Hey everybody, we found something we bet you'll like. It's a game. Everybody you know is playing it. It's a lot of fun. It's the Microsoft HoloLens version of the game from Star Trek: The Next Generation season five episode six, and it works using your emotional state to gently glide little disks into weird wiggly cones.
Play for a little while. The game goes as far as you can take it...
Okay, the Microsoft HoloLens version of the game from Star Trek: TNG, which was posted to Reddit by user litewo, isn't exactly like the fictional version, but it is frighteningly, frighteningly close. It was created by Robert Burke, who graduated from MIT with a focus on "the design of a scalable, extensible architecture for the brains of synthetic creatures," and it utilizes a Pip galvanic biosensor to measure players' levels of relaxation. It does this by measuring the electrical resistance of the skin, or basically how sweaty one is, to determine stress levels. The lower your levels of stress, the more likely a disk is to go into a wiggly cone.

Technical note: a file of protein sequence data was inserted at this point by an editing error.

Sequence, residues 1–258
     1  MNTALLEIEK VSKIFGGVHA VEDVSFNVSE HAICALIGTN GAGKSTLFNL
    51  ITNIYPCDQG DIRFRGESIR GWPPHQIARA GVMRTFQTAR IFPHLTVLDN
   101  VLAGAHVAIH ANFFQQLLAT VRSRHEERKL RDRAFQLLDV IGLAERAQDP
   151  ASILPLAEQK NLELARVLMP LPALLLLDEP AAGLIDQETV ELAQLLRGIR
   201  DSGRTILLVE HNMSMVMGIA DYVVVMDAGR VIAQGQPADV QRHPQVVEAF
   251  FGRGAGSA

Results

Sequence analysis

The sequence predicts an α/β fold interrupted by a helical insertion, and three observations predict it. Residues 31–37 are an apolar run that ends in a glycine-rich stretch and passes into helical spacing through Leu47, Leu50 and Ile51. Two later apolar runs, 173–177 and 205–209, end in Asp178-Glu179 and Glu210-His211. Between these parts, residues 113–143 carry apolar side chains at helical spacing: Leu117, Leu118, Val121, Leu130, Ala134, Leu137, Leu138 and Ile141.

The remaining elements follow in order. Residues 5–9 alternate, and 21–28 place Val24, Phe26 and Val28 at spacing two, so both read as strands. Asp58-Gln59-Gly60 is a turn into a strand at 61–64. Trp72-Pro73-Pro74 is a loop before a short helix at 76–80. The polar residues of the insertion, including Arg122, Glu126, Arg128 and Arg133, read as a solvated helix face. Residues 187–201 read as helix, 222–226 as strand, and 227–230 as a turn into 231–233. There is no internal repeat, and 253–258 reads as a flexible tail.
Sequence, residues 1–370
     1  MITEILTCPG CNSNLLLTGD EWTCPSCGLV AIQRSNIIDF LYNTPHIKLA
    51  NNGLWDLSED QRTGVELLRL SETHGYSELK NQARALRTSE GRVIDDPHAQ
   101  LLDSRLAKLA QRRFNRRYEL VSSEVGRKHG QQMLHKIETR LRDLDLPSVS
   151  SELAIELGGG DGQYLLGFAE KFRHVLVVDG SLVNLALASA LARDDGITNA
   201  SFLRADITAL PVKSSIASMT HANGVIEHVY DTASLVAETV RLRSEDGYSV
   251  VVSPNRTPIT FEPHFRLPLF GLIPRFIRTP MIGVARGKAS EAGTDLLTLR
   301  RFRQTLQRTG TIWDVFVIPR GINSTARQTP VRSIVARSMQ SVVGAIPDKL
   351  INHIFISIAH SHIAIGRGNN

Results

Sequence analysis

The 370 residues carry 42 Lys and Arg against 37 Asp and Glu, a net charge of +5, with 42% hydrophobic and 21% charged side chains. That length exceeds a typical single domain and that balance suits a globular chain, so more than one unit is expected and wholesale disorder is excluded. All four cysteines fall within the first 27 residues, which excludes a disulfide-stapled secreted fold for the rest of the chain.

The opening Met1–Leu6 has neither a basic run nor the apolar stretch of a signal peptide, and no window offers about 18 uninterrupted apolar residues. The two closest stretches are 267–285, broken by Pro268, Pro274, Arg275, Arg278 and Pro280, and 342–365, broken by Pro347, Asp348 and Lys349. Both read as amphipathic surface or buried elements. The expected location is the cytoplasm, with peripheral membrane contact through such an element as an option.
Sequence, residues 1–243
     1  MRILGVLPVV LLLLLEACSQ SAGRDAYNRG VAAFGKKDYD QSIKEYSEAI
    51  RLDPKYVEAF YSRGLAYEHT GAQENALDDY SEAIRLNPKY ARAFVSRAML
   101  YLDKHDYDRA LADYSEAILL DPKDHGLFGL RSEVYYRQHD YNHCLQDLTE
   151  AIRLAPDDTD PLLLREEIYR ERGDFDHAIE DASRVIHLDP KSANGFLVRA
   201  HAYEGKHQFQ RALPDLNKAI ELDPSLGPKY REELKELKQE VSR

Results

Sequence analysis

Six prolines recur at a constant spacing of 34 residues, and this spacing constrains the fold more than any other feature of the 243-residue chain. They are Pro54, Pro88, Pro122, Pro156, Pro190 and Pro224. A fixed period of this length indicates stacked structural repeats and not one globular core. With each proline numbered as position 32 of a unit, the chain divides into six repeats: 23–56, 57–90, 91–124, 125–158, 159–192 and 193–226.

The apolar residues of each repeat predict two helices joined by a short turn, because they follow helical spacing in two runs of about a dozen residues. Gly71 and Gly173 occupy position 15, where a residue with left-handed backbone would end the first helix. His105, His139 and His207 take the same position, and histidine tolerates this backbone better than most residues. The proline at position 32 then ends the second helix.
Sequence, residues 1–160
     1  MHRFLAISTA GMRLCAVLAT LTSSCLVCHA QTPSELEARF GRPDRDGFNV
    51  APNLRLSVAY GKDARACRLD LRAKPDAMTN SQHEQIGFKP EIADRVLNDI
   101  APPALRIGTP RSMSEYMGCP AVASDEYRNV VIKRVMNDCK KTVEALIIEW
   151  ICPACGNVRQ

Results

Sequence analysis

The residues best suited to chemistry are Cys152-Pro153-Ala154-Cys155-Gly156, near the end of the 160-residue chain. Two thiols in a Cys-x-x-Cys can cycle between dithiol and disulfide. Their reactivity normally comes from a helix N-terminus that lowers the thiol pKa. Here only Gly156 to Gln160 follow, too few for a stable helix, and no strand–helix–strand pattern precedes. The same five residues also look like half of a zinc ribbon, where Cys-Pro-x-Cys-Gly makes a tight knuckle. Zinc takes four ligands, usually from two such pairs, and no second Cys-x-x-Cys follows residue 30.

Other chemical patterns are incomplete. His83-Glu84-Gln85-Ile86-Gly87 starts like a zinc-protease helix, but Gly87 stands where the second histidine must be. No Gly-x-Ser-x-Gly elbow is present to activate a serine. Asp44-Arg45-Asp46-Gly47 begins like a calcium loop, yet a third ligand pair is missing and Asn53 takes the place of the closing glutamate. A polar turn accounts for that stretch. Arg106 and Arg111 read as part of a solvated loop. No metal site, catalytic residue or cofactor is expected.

Burke notes in his cursory walkthrough of the making of the HoloLens version of the game that "Star Trek has a history of envisioning technologies that eventually become real. Often faster and more addictive than anyone expects!"
The one big difference between the fictional version of the game and Burke's HoloLens version is the fact that there's no super intense pleasure reward that makes you feel like Riker on shore leave on Risa... which probably makes this version of the game a lot safer to play, and less likely to take over rational thought.
That said, these two videos of the game were posted a year ago to Burke's channel, and the clearly productive engineer (who also swims with sharks) hasn't posted any videos since. It's almost as if he became really engrossed in something that's kept him from putting up more videos. Something a bit more rewarding. Like playing the trombone!
What do you think about this HoloLens version of the game? Do you think we'll be able to shoot pleasure chemicals directly into people's brains even better than social media can sometime in the near future? Let us know in the comments below!
Images: Robert Burke
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